The orig­i­nal game’s great­est sin, at least for those on con­sole, was the way that, when the start­ing lights went green, any play­ers us­ing a gamepad were left in the dust. Sim­u­la­tion fans ac­cept – and ex­pect – a chal­lenge, but those with a pref­er­ence for a con­troller were poorly served by the Project Cars of 2015. The game’s ac­cel­er­a­tion sys­tem sim­ply didn’t trans­pose well to a trig­ger, re­sult­ing in a dis­ap­point­ing, if not quite ru­inous, lack of con­trol. That’s vastly dif­fer­ent here: un­like its pre­de­ces­sor it de­liv­ers nu­anced, var­ied and fair han­dling to pad play­ers with­out com­pro­mise. As­sists can be switched on and off mid-race with a quick dip into the menus, mean­ing that while the steep learn­ing curve re­quires some ef­fort to sur­mount, it is at least pos­si­ble us­ing stan­dard con­sole con­trols. No mat­ter how you tai­lor the dif­fi­culty, how­ever, Project Cars 2’ s mo­ment-to-mo­ment driv­ing model is not ex­actly world-beat­ing, thanks to an oc­ca­sional floaty dis­con­nect that rather tar­nishes an oth­er­wise au­then­tic sense of trac­tion. But Slightly Mad’s achieve­ment lies in the way it of­fers such a wide­spread ros­ter which, while in­con­sis­tent in a cou­ple of ar­eas, makes each se­ries of ve­hi­cles feel prop­erly dis­tinct from the other. At times, it doesn’t just feel like you’re rac­ing dif­fer­ent cars, but like you’re play­ing dif­fer­ent games en­tirely. Flit between a vin­tage Fer­rari, worm­ing your way through the bar­ri­caded streets of Long Beach; a ral­lycross event at Hell, where grip comes and goes as you ca­reen off the as­phalt into the mud; a Ford GT pelt­ing around the sweep­ing apexes of La­guna Seca; or a teensy kart at Bathurst. Project Cars 2 gets dan­ger­ously, dizzy­ingly close to the sim lover’s dream.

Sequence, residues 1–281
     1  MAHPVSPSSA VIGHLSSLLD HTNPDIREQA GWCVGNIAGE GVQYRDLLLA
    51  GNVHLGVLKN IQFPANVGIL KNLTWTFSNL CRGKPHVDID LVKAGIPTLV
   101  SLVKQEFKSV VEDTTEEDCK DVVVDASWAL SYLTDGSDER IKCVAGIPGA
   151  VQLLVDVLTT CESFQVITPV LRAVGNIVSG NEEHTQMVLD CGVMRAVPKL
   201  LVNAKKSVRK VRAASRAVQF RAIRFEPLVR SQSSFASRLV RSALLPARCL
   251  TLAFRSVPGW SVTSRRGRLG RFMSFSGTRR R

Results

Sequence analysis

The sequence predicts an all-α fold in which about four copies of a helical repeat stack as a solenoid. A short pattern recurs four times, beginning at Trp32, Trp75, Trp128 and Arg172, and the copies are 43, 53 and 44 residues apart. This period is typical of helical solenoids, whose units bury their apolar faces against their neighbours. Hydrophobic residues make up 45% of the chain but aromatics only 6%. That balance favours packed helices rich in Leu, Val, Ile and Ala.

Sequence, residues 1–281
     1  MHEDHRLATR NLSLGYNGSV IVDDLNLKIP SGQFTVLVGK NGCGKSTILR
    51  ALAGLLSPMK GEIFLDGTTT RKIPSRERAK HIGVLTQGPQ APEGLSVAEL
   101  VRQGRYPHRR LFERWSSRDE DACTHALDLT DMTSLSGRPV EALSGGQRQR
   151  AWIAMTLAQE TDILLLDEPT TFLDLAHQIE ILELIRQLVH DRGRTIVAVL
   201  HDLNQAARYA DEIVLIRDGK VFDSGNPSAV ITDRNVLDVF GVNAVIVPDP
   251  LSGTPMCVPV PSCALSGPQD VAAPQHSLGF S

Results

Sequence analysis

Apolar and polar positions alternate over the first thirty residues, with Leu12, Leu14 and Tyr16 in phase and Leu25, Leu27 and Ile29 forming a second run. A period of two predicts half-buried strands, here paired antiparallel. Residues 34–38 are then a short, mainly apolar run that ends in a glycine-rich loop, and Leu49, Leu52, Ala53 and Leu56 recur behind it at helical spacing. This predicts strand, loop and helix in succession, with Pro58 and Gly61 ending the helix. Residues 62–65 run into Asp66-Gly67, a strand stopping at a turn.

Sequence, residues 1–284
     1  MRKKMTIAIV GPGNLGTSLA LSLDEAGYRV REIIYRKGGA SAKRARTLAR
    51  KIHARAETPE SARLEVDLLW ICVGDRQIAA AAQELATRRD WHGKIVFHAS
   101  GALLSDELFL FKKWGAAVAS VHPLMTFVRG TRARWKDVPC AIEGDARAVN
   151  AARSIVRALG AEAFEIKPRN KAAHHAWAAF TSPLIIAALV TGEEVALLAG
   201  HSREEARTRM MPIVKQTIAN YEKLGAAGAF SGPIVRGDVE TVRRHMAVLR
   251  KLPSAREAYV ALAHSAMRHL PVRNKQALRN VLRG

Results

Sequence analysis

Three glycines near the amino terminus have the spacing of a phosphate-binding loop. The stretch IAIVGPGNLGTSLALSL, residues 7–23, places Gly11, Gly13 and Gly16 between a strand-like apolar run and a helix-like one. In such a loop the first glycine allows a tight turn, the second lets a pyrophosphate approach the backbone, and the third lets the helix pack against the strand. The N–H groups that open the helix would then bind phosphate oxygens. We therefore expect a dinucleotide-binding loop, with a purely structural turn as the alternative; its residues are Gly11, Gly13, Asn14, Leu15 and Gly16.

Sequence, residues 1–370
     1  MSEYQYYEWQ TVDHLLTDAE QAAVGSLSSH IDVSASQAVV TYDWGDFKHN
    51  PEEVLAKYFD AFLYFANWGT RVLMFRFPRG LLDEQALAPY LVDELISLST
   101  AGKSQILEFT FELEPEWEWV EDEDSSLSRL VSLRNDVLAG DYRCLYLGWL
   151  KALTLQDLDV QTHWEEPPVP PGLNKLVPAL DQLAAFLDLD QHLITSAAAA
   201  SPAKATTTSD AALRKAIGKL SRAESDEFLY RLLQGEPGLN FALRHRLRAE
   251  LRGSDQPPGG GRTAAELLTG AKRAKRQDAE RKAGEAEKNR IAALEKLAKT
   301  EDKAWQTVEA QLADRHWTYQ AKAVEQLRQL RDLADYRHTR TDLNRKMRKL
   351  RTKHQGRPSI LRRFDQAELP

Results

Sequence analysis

Aside from the han­dling foibles, there are problems else­where; op­po­nent AI is in­con­sis­tent, and a few bugs have snuck into the fi­nal code. Such is­sues are fix­able, of course, but it means that when 26 cars bear down on Sainte De­vote at Monte Carlo, the re­sult is fre­quently a mas­sive pile-up. Physics glitches are less game­break­ing, but do mean you’ll of­ten find your­self spin­ning out if you catch op­po­nents at odd an­gles. It’s not un­usual to see a souped-up BMW launch it­self, with­out warn­ing, high into the sky sim­ply be­cause it had a light col­li­sion into Druids at Brands Hatch.

Still, few games in this genre have so ac­cu­rately por­trayed the ram­pant ki­neti­cism of a fleet of McLaren P1s har­ing round a race­track, the blind ter­ror of rear water spray be­hind a For­mula 3 car, or the per­ilous loss of grip as you aqua­plane across a dy­nam­i­cally gen­er­ated pud­dle. It’s scrappy, sure, but no racer of­fers such a breadth of choice, or seems so will­ing to let the player set the rules of the road. When Project Cars 2 gets into gear, there’s lit­tle else like it.

It de­liv­ers nu­anced, var­ied and fair han­dling to pad play­ers with­out com­pro­mise